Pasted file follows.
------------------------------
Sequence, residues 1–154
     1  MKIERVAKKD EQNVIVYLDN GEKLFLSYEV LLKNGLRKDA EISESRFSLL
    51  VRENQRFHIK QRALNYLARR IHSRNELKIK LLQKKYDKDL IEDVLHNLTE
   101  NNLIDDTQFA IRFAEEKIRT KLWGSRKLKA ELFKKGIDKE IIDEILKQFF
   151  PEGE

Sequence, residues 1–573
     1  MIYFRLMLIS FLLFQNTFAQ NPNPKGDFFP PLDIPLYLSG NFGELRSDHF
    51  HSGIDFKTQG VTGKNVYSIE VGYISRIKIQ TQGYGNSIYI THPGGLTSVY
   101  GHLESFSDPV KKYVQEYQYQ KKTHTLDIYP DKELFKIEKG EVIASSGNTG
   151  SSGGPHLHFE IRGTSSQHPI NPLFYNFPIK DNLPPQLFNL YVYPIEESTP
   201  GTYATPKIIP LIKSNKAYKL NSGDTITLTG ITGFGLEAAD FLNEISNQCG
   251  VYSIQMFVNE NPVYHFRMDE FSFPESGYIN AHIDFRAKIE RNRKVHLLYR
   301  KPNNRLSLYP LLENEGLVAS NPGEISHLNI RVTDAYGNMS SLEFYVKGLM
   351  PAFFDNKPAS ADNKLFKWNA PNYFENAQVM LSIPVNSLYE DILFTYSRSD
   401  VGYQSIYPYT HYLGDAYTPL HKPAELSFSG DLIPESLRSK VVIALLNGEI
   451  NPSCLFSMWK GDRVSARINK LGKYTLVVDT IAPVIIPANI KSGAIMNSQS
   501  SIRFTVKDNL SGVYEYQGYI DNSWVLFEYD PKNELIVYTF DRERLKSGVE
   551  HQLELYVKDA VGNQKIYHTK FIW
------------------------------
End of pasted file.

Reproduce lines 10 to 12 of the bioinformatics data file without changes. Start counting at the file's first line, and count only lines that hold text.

   151  SSGGPHLHFE IRGTSSQHPI NPLFYNFPIK DNLPPQLFNL YVYPIEESTP
   201  GTYATPKIIP LIKSNKAYKL NSGDTITLTG ITGFGLEAAD FLNEISNQCG
   251  VYSIQMFVNE NPVYHFRMDE FSFPESGYIN AHIDFRAKIE RNRKVHLLYR